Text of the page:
Factors affecting local recurrence of colonic adenocarcinoma

G. J.C. Harris, J. M. Church, A. J. Senagore, I. C. Lavery, T. L. Hull, S. A. Strong, V. W. Fazio

Research output: Contribution to journalArticlepeer-review

85 Scopus citations


PURPOSE: The aim of this retrospective study was to determine which aspects of tumor morphology and histology influenced the incidence of local recurrence after curative resection of colonic adenocarcinoma. METHODS: Patients who had a curative resection for a primary colonic adenocarcinoma between 1980 and 1993 (inclusive) were identified from the colorectal cancer database in the Department of Colorectal Surgery. The charts of patients diagnosed with a local recurrence were then reviewed and their findings at operation and histologic assessment analyzed. Patients were followed up for at least five years or until death. RESULTS: Over the period of study, 1,031 patients had a curative resection for colonic adenocarcinoma. Local recurrences were detected in 32 patients (3.1 percent). The gender distribution of patients with local recurrence was 18 males (56.3 percent) and 14 females (43.7 percent) with a mean age of 63.4 years. The median time to local recurrence was 13 (range, 2-71) months. The distribution of primary tumors that recurred locally favored the cecum (n = 9; 28.1 percent) and sigmoid colon (n = 14; 43.7 percent) over other locations; these were, however, the most common sites of primary lesions. Less common sites included the ascending colon (n = 0; 0 percent), hepatic flexure (n = 2; 6.3 percent), transverse colon (n = 1; 3.1 percent), splenic flexure (n = 3; 9.4 percent), and descending colon (n = 3; 9.4 percent). Of the total number of tumors, 101 were found to be adherent to at least 1 other intra-abdominal viscus, and 12 (11.9 percent) recurred locally. Other factors associated with local recurrence were tumor perforation and fistulation. Overall, 30 tumors (2.9 percent) were perforated, and 6 (20 percent) recurred locally. Four tumors (0.4 percent) were fistulating; of these, 2 (50 percent) recurred locally. Advanced tumor stage was also associated with an increased rate of local recurrence (Stage I, 0 percent; Stage II, 2.05 percent; Stage III, 7.0 percent; and Stage IV, 6.1 percent). Similarly, tumor differentiation was related to local recurrence, with no instances in well-differentiated tumors, 2.8 percent in moderately differentiated tumors, and 6.8 percent in poorly differentiated tumors. CONCLUSIONS: The location of the primary tumor is not a factor in producing local recurrence. Fixity to another viscus, perforation or fistulation, advanced stage of disease, and differentiation of tumor appear to increase the chances of recurrence of curatively resected colonic carcinoma. Although the recurrence rate is higher in these groups than for tumors overall, definitive oncologic surgery prevents recurrence in the majority of cases. No colonic tumor that was T1 or T2 (N0, N1, or N2) or that was well differentiated recurred locally.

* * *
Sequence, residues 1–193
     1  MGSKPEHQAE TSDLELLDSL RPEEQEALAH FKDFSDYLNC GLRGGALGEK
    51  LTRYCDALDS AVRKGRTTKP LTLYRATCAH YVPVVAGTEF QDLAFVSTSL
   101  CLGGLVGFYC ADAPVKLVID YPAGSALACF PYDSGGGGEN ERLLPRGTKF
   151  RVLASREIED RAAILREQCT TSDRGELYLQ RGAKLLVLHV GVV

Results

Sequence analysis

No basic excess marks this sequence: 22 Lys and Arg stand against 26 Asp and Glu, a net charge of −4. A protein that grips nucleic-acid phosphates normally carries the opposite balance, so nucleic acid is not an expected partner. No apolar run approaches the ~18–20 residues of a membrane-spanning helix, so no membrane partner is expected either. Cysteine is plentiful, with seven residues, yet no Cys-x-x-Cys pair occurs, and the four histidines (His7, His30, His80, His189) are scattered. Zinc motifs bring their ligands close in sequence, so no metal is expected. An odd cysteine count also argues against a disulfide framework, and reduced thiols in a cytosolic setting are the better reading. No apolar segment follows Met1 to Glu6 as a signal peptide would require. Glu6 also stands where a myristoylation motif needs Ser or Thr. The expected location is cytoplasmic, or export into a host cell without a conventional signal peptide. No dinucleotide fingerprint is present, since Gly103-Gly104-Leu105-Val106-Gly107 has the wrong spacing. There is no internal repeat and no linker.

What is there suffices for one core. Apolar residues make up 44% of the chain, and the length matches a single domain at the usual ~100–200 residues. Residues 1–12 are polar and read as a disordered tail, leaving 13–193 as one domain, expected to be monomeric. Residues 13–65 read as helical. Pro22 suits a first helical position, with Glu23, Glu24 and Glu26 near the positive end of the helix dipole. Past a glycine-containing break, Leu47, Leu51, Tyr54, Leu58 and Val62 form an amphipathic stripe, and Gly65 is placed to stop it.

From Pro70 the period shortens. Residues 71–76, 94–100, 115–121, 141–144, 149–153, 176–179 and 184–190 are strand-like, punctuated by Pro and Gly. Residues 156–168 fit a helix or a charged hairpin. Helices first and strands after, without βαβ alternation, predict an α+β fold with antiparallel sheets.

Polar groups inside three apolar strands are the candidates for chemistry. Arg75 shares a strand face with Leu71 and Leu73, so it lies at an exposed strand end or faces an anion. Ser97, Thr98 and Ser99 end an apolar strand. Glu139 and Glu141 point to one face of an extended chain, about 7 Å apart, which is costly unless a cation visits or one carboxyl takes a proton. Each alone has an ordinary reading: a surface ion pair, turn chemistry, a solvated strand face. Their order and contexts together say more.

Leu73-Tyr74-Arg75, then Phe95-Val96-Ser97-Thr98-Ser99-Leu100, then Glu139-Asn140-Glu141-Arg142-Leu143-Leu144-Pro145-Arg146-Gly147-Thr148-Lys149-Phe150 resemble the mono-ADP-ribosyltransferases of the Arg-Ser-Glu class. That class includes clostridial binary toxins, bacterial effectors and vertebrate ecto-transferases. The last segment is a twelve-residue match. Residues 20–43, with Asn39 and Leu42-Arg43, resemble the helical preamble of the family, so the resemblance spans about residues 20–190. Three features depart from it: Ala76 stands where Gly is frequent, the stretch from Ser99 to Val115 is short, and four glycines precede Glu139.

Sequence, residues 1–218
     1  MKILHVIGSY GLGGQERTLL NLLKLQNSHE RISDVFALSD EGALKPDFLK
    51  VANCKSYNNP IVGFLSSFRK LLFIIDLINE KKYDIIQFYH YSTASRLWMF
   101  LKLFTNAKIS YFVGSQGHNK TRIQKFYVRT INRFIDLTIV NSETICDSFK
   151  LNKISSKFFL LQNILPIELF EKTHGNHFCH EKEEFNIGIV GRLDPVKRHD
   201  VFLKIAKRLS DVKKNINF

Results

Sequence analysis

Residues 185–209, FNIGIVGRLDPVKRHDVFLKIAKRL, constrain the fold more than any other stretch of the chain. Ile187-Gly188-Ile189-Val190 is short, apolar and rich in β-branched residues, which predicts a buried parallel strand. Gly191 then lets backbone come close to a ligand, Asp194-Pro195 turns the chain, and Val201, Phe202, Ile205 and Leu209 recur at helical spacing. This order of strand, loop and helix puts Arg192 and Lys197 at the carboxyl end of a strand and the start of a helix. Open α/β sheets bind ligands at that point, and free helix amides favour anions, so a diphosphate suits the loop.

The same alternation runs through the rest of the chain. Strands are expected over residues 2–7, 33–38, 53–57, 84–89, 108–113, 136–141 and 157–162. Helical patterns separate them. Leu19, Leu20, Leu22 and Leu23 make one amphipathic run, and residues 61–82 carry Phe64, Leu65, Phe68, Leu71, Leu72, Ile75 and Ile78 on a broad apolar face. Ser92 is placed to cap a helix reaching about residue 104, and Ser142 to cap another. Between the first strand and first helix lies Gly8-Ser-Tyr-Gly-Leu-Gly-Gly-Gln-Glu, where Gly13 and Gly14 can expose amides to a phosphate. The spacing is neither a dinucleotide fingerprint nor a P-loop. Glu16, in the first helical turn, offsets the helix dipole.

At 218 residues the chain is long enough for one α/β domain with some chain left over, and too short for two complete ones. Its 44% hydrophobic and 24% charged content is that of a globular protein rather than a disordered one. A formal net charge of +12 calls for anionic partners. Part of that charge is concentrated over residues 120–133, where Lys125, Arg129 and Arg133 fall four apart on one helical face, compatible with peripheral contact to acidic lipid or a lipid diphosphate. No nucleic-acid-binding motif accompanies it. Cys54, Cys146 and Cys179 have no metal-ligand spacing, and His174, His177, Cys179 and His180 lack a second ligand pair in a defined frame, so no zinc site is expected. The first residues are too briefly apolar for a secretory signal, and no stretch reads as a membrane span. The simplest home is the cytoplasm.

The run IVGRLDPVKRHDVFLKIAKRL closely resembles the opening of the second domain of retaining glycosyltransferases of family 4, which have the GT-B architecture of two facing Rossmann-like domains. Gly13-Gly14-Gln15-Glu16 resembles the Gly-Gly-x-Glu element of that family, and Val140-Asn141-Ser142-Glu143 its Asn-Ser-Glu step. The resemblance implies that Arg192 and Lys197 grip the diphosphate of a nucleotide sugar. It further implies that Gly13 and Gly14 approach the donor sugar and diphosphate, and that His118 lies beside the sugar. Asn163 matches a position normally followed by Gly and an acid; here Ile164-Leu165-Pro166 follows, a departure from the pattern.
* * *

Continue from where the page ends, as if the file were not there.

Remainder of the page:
Original languageEnglish (US)
Pages (from-to)1029-1034
Number of pages6
JournalDiseases of the Colon and Rectum
Issue number8
StatePublished - Aug 2002
Externally publishedYes


  • Colonic adenocarcinoma
  • Local recurrence

ASJC Scopus subject areas

  • Gastroenterology


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